And here’s where I think people run into the biggest issues, especially with psychedelic experiences. One is like you’re saying, not acknowledging their needs, the second is actually asking for help when you need it. It’s so hard for people just to do that in life. In general it gets really hard when you’re in the middle of a really challenging psychedelic experience. 

And so I for sure have been like this myself and then also with my clients, where sometimes it can be a little embarrassing or you may feel a little embarrassed or a little ashamed or a little whatever, when you’re like ‘man, I really need a pee and I can’t get up to do it, can you help me get up and go to the bathroom?’. 

Or even just identifying that it’s a challenging experience. It’s so therapeutic if you’re going through something really challenging, but you’re trying to lock it in there and you won’t even admit it out loud for sure in recreational experiences like around your friends and stuff, but it’s just like ‘wow, I’m just going through something challenging’. And once you say that out loud, it can relieve a lot of pressure there. 

Nick Levich: A good facilitator will be tracking you, but they’re not mind readers. And so if they don’t know that you’re going through something challenging, they’re not able to help you. And so that’s part of the reason that you engaged. A guide, a facilitator, tripsitter or somebody, so that if and when something challenges comes up, you have a resource. 

Jimmy Nguyen: Or what’s worse is when it looks challenging on appearance. Let’s say somebody is deeply crying and we know that crying is medicine in the work that we do. But if a facilitator then tries to come in and insert themselves into that experience and actually interrupt what’s going on with you, then that actually can be something that can backfire, it can be a disservice to you. 

So this is where it’s so important that you as a journeyer know that you have a lot of agency, you have a lot of power of choice and it’s so important for you to identify, ‘oh, I’m going through a challenging moment. 

Or I’m crying, but. I’m also good. Like I’m going through this deep crying but I feel like I’ve been crying out stuff for years that I’ve needed to cry out’ and some folks want to continue through that process. 

Only you will be able to identify something that you need support with and something that you don’t. One of the ways that I always ask clients to identify that they’re in a challenging situation or they’re in something that is overwhelming and that you need a little help with, I’ll just ask them what might be supportive for them. 

So the first thing that I tell people is that you always have a choice. You always have a choice on what you want to lean into in the psychedelic experience. You also have a choice to get a little bit of redirection or changing the framework or the setting if you want. So even some very little things like you’re laying down, let’s change your posture, let’s have you sit up.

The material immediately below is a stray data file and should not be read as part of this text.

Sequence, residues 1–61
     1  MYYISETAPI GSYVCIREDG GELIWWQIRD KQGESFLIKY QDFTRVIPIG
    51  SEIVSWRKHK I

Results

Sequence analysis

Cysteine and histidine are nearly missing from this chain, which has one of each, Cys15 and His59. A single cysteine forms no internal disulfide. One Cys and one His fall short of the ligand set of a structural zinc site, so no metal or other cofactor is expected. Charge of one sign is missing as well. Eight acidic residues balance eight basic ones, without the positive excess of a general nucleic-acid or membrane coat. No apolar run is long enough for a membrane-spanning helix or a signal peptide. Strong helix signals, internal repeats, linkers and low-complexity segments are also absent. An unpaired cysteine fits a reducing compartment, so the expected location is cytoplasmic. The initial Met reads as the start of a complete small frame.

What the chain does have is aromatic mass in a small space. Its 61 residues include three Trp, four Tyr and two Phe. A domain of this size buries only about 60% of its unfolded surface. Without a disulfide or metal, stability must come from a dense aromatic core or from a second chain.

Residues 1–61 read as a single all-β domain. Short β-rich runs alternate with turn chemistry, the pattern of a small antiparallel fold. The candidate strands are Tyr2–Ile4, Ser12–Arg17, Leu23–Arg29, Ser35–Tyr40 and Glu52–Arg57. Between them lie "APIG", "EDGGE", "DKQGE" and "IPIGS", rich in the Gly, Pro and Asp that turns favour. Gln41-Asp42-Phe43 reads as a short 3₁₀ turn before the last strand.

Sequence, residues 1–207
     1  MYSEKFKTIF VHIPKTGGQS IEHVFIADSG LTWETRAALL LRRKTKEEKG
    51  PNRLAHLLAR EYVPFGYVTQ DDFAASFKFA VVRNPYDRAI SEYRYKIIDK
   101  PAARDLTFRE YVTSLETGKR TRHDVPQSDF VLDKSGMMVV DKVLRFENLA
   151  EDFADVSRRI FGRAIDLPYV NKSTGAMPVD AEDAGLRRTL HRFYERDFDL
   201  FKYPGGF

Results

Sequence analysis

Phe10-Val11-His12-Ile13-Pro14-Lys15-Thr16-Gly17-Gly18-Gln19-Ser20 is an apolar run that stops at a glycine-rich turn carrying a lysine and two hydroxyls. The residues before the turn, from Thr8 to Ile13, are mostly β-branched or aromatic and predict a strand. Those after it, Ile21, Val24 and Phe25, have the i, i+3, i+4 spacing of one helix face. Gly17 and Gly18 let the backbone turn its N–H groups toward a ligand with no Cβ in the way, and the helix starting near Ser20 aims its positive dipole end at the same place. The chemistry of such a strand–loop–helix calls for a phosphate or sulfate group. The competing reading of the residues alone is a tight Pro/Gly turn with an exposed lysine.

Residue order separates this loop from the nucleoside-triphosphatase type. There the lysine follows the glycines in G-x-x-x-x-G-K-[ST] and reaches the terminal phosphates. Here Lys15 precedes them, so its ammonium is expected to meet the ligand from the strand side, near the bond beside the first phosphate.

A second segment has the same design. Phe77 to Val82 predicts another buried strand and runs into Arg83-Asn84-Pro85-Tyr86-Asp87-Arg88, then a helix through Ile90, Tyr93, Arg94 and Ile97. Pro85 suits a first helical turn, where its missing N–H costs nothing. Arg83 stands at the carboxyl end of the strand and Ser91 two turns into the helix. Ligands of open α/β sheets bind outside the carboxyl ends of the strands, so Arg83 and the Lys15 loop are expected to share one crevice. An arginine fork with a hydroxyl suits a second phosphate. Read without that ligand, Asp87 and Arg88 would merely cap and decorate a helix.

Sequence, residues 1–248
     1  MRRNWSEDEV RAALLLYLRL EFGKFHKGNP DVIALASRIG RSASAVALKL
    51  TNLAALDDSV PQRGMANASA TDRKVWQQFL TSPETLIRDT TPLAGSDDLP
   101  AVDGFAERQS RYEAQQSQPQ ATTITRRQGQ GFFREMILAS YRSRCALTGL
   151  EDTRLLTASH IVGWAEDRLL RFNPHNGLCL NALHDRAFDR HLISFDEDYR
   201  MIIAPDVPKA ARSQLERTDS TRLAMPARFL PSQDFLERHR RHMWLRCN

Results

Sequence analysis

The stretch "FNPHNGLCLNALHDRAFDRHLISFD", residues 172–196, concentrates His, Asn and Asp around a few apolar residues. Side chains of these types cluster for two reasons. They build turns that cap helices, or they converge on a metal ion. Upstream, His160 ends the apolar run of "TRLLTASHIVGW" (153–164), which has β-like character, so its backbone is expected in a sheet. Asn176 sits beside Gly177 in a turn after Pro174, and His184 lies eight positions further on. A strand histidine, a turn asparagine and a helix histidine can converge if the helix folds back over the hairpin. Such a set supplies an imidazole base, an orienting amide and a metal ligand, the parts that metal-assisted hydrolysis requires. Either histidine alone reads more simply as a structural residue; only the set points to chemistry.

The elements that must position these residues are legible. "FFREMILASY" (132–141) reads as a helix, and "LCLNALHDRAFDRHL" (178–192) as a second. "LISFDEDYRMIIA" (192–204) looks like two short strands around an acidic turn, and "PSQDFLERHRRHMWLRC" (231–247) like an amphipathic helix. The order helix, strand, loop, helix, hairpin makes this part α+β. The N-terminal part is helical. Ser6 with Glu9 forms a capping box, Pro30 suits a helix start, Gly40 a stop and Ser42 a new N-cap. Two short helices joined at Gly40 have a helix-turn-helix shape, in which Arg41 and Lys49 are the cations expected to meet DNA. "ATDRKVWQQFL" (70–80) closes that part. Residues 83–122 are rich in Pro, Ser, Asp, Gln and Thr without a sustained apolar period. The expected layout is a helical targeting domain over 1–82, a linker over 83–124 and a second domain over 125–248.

Or maybe let’s change the music because maybe the music is causing a little bit of this loop or maybe you’re inside and you feel like you just need to step outside into a safe, contained environment to get some sun, or something like that. 

So those little things can also go a long way as far as these little tactical things that might help you to reorient yourself and rebrand yourself, but at the same time you want to make sure that is not in an effort to distract yourself from the experience itself. I’ve also had clients who are basically going through something overwhelming and again their mind kicks in and they just start talking. 

They just start talking and having a conversation and then they’re talking for hours. Which you do whatever you need to do to navigate your experience, but only you’ll know inside whether that thing that you’re doing to self soothe is actually helping you to meet your intentions or something that’s actually distracting you from the whole reason why you’re in that psychedelic experience. 

Nick Levich: In general, yeah, verbal reassurance is really helpful. Other things are sometimes just somebody holding your hand or grabbing your ankle or foot. Just a supportive touch is really nice when things get overwhelming. 

I will caveat that with that any touching should be consensual and non-sexual in nature and agreed upon before you’re in an altered state. But assuming all that’s been done, physical touch can be so healing. Especially when things get overwhelming, challenging and uncomfortable. 

Jimmy Nguyen: Yeah, or even just having somebody just sit next to you. So the proximity of where I’m at with my clients, I’m constantly thinking about it and so I always share with my clients that they have agency. 

And I’ll ask, ‘would you feel more supported if I’m just sitting here next to you or just across the room’ and you have your choice as a journeyer on what that looks like and what that is for you. But ultimately you have the ability to express yourself through these psychedelic experiences in whatever way is the most conducive for you. 

So what I find is that for some folks who let’s say their legs start shaking or they have some type of like a somatic process or maybe they’re doing something tactile with their hands or their feet, oftentimes that is actually a soothing mechanism that can help them navigate whatever that challenging or overwhelming part is. 

But then in your mind, if you’re like, ‘well, I’m going to look like a weirdo if I make these vocalizations that sound like gibberish but they feel really beneficial to my process’, or ‘if I’m getting up and moving around or if I’m singing and shaking and all that’, then only you know what your medicine is.

Only you know what would be beneficial for you to navigate that and hopefully you find somebody. This is why family and friends only take you so far, right? Because family and friends, sure, they’ll hold that space, but they’re in your life like they may judge you without realizing they’re judging you. You know what I mean? 

Nick Levich: You can pick up on it as a journeyer.

Jimmy Nguyen: Yeah, you’re so sensitive to all these little micro-cues and all these little things because your instruments are so open and you’re just processing information in a different way when you’re in a psychedelic experience. That’s the best way that I can describe it.